I’m sure you’re wondering when all my door posts will end.
You must understand, though, that as a wheelchair user I have gotten stuck in
doorways on multiple occasions. It’s not fun. And it’s beyond frustrating to
follow an accessible path to the entrance, only to be foiled at the doors of the
building because you can’t pass through due to design and/or lack of proper
Series doors are a nightmare when they aren’t designed or constructed
properly, and then not caught by the codes punch list review (a.k.a. code-review
checklist). Click here for an ADA Checklist for buildings and facilities.
(Even though this list was published in 1992, it is still valid in the sense
that it is considered a “safe harbor” for work done based on the 1991/94
standards. More on this in my next column!)
Below are a few things to keep in mind when dealing with two doors in
First, to ensure exterior doors aren’t too heavy for wheelchair users, the
push-pull pressure — when possible — should be no more than 8 pounds of opening
Second, ensure that there is enough space between series doors for a
wheelchair user. I am including both the 1991/1994 and 2010 ADA guidelines
below. Although the 2010 guidelines do not state that the doors must swing in
the same direction or away from the space between the doors, you will see that
regardless of the swing the most important issue is the sacrosanct 48-inch clear
space that should not be encroached upon by either door.
From page 36 of the 1991 ADA Standards for Accessible Design revised in 1994:
4.13.7 Two Doors in Series. The minimum space between two
hinged or pivoted doors in series shall be 48 inches (1,220 mm) plus the width
of any door swinging into the space. Doors in series shall swing either in the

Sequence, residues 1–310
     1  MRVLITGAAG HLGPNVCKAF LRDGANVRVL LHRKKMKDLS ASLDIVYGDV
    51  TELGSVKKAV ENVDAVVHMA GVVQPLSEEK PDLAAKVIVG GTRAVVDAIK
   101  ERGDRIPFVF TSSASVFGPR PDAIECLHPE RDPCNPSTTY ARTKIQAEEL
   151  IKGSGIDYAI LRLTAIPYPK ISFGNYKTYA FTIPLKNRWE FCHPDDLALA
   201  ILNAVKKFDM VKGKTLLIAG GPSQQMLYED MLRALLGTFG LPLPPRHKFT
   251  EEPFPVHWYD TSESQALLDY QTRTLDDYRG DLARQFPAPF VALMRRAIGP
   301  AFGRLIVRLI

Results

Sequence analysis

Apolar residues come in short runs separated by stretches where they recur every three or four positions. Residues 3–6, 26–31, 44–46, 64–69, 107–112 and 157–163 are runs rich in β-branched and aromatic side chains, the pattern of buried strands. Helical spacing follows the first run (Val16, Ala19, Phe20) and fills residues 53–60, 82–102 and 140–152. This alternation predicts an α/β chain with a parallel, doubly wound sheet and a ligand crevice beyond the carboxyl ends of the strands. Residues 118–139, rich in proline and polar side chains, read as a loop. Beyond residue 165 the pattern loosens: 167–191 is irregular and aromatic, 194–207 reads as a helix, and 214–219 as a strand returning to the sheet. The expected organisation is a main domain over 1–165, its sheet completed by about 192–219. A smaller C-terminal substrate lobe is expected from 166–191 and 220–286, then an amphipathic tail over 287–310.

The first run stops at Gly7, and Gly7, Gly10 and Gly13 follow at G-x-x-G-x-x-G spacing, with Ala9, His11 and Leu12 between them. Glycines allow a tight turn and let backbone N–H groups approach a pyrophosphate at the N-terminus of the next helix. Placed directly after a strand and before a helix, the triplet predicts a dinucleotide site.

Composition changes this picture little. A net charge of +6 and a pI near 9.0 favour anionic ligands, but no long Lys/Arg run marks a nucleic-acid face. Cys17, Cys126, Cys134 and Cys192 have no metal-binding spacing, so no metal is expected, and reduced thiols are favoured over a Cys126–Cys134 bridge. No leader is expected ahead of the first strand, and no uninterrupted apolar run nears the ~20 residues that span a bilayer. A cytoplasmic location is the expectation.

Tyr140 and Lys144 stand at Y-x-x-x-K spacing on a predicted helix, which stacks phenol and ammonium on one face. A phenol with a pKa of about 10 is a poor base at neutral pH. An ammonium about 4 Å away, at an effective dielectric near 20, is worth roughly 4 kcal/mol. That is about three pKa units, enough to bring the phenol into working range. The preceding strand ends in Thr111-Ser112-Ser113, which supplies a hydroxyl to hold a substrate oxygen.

same direction or away from the space between the doors (see Fig. 26).
Illustration: 91 ADAAG 94 edition
From page 125 (Chapter 4) of the 2010 ADA Standards for Accessible Design:
404.2.6 Doors in Series and Gates in Series. The distance
between two hinged or pivoted doors in series and gates in series shall be 48
inches (1,220 mm) minimum plus the width of doors or gates swinging into the
Illustration: 2010 ADA Guidelines
The 2010 standard also shows ways to achieve the 48-inch clearance by having
a door change the direction of the swing. Look at Figure 404.2.6
(b). It is a perfect solution when you are dealing with existing older
buildings or space-constricted locations where you cannot expand the alcove
space between the doors.
Other methods are:
1. Remove the inside door
2. Use two-way swing doors
3. Add a power
assist button that will open both doors. (All too often I see
people forced to push a second button to open the second door while the first
door is closing in on them.)
Lastly, most times the actual design is correct, but the hardware used on the
doors can encroach on the required clear space both for the clear-width space
and the 48-inch length space. This can often be missed by the final punch list
Trust me, there are solutions. When I worked with the City of Kansas City,
Mo., we had to address several series doors in older facilities that did not
meet ADA standards. We always found a way to fix them.
Feel free to contact me if you have any questions.
Best of luck,